The paper is organized as follows. Section 2 presents the data used in this research, providing a description of the DAHITI altimetry database and an overview of the GSW dataset. Section 3 contains a description of the methods applied, while Sect. 4 gives a description of the results. Section 5 presents a discussion, and finally the conclusions and recommendations are presented in Sect. 6.
2.1 Satellite altimetry
Satellite altimetry was initially designed for observing the ocean's surface. But for more than 10 years now, satellite altimetry has proven to be a suitable tool for measuring water heights of lakes and rivers. Numerous studies have already shown the potential of estimating water level time series over inland waters using different altimeter missions such as TOPEX/Poseidon (Birkett, 1995), Envisat (Frappart et al., 2006a), Saral (Schwatke et al., 2015b), Cryosat-2 (Villadsen et al., 2015) or ICESat (Zhang et al., 2011). Water levels from satellite altimetry have also been used for hydrological applications such as the estimation of river discharge (Kouraev et al., 2004; Tourian et al., 2017; Zakharova et al., 2006) and lake volumes (Duan and Bastiaanssen, 2013; Tong et al., 2016; Zhou et al., 2016).
Satellite altimetry has the potential to provide reliable water level time series of globally distributed inland water bodies over the last 20 years. TOPEX/Poseidon and Jason-1/-2/-3 have an identical orbit configuration with a 9.9156-day repeat cycle and a track separation of about 300 km at the Equator. ERS-1/-2, Envisat and SARAL flew on an orbit with a 35-day repeat cycle and a track separation of about 80 km at the Equator. The combination of different altimeter missions is essential to increase the temporal resolution, spatial resolution and length of the water level time series. In order to combine altimeter data from different missions, a mission-dependent range bias resulting from a multi-mission crossover analysis has to be taken into account to achieve long-term homogenous water level time series (Bosch et al., 2014).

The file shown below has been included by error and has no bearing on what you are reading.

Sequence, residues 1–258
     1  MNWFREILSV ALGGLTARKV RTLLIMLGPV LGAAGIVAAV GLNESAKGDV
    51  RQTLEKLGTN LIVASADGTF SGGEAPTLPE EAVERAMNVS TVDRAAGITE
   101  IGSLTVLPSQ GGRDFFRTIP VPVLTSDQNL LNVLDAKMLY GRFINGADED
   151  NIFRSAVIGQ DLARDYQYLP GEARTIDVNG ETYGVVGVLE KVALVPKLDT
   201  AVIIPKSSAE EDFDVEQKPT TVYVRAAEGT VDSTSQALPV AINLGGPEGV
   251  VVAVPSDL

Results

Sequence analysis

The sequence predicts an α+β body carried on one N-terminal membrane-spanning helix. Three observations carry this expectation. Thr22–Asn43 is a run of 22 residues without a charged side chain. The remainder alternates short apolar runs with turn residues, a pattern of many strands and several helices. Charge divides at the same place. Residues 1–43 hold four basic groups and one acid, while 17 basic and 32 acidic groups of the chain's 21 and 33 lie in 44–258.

The estimation of water level time series for small lakes, reservoirs or rivers is very challenging. Due to coarse mission-dependent ground tracks with a cross-track spacing of a few hundred kilometres, larger lakes and reservoirs have a much higher probability to be crossed by a satellite track than smaller ones. Moreover, small water bodies tend to have a relatively big altimeter footprint compared to their size, which will affect the resulting shape of the returning waveform. The diameter of the footprint is mainly influenced by the water roughness (i.e. surface waves) and surrounding topography. In reality, the diameter of the footprint can therefore vary between 2 km over the ocean and up to 16 km for small lakes with considerable surrounding terrain topography (Fu and Cazenave, 2001). These land influences and surface waves within the altimeter footprint can affect the altimeter waveforms and require an additional retracking to achieve more accurate ranges. In order to achieve accurate results for small water bodies, the conditions have to be ideal, meaning a low surrounding topography, low surface waves, and perpendicular crossings of the altimeter track and water bodies' shores. In these ideal cases, satellite altimetry has the capability to observe rivers with a width of about 100–200 m or lakes with a diameter of a few hundred metres. The off-nadir effect is another problem which can occur when investigating smaller water bodies. In general, satellite altimetry measures in the nadir direction, but if the investigated water body is not located in the centre of the footprint, then the radar pulses are not reflected in the nadir direction, which leads to longer corrupted ranges that must be taken into account (Boergens et al., 2016).